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Why company culture matters & 4 practical tips on how M’sian startups can build a good one

It’s become somewhat of a buzzword these days, but company culture isn’t something made up by millennials or older zoomers.

And as employers, you shouldn’t disregard the importance of company culture either, because the reality is that the younger generations in the workforce place high importance on this. How a company treats its staff members can play a major role in their decision to join it.

But company culture isn’t just about attracting talents.

Why exactly is company culture, and why does it matter?

To put it simply, company culture is a shared set of workplace beliefs, values, attitudes, standards, and behaviours within an organisation. It reflects both the written and unspoken rules that people in the organisation follow.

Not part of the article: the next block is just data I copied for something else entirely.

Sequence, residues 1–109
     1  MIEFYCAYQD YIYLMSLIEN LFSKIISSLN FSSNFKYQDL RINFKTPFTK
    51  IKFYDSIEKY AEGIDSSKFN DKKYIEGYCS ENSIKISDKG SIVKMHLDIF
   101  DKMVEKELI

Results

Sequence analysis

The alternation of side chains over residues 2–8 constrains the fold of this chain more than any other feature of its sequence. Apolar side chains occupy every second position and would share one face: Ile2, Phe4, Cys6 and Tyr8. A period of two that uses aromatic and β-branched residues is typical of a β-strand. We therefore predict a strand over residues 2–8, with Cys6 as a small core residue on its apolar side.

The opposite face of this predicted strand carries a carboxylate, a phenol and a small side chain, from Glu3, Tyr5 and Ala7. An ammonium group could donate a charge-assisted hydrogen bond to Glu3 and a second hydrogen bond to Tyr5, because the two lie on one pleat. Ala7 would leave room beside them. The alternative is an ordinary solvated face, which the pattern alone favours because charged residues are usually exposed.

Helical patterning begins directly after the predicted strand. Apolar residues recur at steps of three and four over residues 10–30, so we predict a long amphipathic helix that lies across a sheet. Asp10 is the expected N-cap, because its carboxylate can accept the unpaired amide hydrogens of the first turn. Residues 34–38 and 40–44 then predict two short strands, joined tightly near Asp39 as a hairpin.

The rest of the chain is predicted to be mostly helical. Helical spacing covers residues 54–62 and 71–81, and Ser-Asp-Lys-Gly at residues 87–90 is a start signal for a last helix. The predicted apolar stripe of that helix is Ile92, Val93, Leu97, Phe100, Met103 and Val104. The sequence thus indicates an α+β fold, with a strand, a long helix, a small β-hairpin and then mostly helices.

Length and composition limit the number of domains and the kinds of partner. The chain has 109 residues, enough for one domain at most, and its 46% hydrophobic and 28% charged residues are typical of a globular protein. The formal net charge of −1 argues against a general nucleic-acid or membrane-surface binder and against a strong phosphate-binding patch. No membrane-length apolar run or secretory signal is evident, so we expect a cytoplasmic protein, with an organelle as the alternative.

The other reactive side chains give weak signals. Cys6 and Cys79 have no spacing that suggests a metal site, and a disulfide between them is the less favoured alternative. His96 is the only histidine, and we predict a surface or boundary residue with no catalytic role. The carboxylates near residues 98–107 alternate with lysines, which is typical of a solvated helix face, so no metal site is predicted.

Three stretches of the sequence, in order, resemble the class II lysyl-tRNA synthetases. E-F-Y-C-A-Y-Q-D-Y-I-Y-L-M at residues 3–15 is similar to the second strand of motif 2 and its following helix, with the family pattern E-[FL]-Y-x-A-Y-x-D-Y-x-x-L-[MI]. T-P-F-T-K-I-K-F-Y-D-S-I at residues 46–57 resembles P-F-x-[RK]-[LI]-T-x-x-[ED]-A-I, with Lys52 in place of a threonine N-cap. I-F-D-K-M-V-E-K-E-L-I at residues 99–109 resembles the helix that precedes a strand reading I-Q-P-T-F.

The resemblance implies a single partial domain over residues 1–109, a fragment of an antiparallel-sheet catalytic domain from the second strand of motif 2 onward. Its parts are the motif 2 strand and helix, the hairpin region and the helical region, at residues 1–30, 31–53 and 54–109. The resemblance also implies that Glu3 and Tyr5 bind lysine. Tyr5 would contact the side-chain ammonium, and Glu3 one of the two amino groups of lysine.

The sum of what you and your colleagues think, say, and do while working together is basically your company’s culture. At its core, company culture is about how things get done around the workplace.

It’s easy to have this mixed up with the more superficial factors (or perks) of a company, such as casual dress codes and office amenities like beanbags. But company culture goes beyond surface-level features.

It’s about the values embedded in everyday workplace practices and decision-making processes. Hence, it’s not just the responsibility of the human resource (HR) department to uphold. Instead, it’s something that the whole company should actively be practising.

Which basically means that the people in top and bottom management need to be singing the same song. No matter who you ask in the company, they should have the same ideas on what the company culture is.